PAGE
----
Irradiated by LabRat
The most recent work of nonfiction to go through the Kill My Boredom Machine here was Barbara Oakley’s Evil Genes: Why Rome Fell, Hitler Rose, Enron Failed, and My Sister Stole My Mother’s Boyfriend. Although it lingered in the to-read pile for quite awhile before it looked like the most interesting thing to pull out next, it turned out to be a lot more engaging than I expected.
The title, as I said, sucks. “Evil Genes” is eye-grabbing but misleading about both the research the book is rooted in and the book’s own point, Rome and Enron are relatively small supporting parts of later chapters while characters like Mao Zedong and Slobodan Milosevic have long, meaty chapters all to themselves, and the sister whose murky behavior and past tie the book together is far from the most interesting feature of the book.
If The Lucifer Effect is all about the influence of social structure, setting, and environmental cues on the way human morality plays out, this book is all about the biological side of the argument. (Indeed, there’s one or two indirect shots at Zimbardo- and one straight amidships- in Oakley’s book.) The central thesis of the book is not that evil people are simply born evil- as might be fairly concluded from the title- but that the patterns of behavior ranging from mere unscrupulousness to full-blown personality disorders have genetic, neurological, and even evolutionary roots. Your genes won’t make you evil, but various genetic markers and switches can influence impulsivity, how excitable you are just as a ground state and how well you can exert top-down control over your emotions, how readily you can read other people’s emotional states, and more- no “evil” genes, but certainly genetic combinations that can result in more problems (and occasional downright brilliant results) than others. As any sensible approach to the massively complex morass that is genetics and behavior must include, there’s also plenty of discussions of the environmental influences and how drastically they can shape outcome- proteins don’t code for actions, but they can certainly set the neurochemical stage in a way that weights the probabilities for reactions.
Psychology is far from a complete science and the genome sequencing and neuroimaging that this book relies heavily upon are both very new tools, so there are far fewer sweeping conclusions than there are tantalizing breadcrumb trails- although a few old beliefs are trashed by the new tools. If you’re wanting a Complete Theory of Biological Personality, look elsewhere, or better yet, wait. There isn’t one yet and there isn’t enough information for there to BE one. Instead, we get extensive (and remarkably honest) discussions of the artificial psychological constructs for personality disorders like “psychopath” and “borderline” and what kinds of real and political influences have shaped them, with some speculation on how their existence may have shaped history. Better yet, more than merely explaining how such disordered personalities operate, how they might have formed in the first place, and why (and where) they exist with the prevalence they do, it also provides explanations for the chronic human failure to recognize such characters for what they are- the psychology and neurology of appeasement, historical revisionism in the face of massive evidence, and head-in-the-sand behavior. The section for citations of research is longer than some of the chapters- just the way I like it.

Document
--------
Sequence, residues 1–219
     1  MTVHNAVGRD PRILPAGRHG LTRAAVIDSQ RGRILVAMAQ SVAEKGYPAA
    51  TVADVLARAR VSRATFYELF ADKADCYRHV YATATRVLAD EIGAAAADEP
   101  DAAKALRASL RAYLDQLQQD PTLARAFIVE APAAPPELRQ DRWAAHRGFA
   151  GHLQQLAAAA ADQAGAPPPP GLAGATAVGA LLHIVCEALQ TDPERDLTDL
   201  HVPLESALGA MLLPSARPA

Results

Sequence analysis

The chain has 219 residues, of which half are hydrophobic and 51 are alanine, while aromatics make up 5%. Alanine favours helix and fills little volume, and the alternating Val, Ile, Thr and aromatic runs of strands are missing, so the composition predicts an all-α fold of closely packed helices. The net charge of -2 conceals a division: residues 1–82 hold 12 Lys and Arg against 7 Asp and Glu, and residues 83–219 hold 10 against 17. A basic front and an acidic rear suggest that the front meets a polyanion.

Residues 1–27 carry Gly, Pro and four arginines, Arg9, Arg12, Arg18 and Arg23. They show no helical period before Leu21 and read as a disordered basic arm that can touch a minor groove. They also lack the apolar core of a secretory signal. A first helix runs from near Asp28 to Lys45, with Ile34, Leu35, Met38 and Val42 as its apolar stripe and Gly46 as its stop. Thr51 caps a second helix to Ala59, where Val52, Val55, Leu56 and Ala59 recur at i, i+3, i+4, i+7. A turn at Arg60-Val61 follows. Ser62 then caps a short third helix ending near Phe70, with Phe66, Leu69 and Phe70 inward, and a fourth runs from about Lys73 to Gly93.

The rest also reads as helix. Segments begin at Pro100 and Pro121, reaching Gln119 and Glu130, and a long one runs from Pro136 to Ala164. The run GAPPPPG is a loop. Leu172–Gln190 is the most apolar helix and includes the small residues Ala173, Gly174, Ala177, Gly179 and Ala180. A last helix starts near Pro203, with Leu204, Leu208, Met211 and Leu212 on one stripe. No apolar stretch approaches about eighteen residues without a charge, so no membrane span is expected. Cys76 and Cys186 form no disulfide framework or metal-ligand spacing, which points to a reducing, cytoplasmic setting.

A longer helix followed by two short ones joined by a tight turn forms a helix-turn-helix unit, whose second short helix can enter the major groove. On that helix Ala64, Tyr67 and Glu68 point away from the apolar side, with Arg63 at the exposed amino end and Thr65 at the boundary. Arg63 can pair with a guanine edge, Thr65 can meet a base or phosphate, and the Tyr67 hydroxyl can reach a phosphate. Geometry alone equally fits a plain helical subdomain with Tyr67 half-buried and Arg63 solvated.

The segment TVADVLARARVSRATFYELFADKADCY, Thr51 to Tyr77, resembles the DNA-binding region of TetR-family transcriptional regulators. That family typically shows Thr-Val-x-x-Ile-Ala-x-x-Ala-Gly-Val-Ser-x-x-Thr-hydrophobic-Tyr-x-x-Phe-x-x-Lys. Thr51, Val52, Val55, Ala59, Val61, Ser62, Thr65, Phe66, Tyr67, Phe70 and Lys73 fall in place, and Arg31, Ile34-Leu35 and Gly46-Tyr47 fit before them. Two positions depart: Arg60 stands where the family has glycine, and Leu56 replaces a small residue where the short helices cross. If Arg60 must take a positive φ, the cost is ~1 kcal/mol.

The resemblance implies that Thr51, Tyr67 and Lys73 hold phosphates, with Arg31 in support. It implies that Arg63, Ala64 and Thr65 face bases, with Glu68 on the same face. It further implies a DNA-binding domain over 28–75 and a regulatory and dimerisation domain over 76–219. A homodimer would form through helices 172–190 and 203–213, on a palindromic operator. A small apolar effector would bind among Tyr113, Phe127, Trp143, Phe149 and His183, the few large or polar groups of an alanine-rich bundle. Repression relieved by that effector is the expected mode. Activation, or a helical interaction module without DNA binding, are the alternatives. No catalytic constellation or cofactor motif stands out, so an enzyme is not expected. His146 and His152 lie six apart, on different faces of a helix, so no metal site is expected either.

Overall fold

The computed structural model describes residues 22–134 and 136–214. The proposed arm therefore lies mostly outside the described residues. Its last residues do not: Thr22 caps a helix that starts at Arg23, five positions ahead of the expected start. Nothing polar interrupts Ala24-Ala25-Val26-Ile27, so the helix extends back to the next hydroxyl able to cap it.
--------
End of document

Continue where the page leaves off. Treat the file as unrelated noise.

Best of all, the author has perspective, broad historical literacy, and wit. I’m pretty sure she won me over from this footnote on page 28:
Robert Conquest’s monumental work on Stalinist horrors, The Great Terror, earned enormous animosity on its initial release in 1968- its graphic depictions of the horrors perpetrated in the Soviet Union under Stalin’s direction were felt by many to be false in nearly every particular. The opening of the Soviet archives, and later verification by a host of Russian historians not only supported Conquest’s findings, but showed that Stalin’s “model state” had been even worse than Conquest had originally outlined. When The Great Terror was re-released in a 1992 post-Glasnost edition, Conquest was asked if he would like to give it a new title. His terse response was: “How about, I Told You So, You Fucking Fools“.
The first few chapters drag a bit, by necessity; the dry subject material of genetics and neurobiology are necessary to understanding the later chapters, though Oakley does her best with them. Persevere: payoff is coming. Perhaps most tantalizing is the increasing body of evidence pointing to all humans using the same set of neural hardware- parts of which are quite ancient- to process moral questions; thus suggesting that human morality is neither an airy-fairy matter of pure socialization nor something so delicate and ephemeral as the grace of God alone.
If you’ve got the time, for best effect, read both Zimbardo and Oakley. Either read is richer for the other.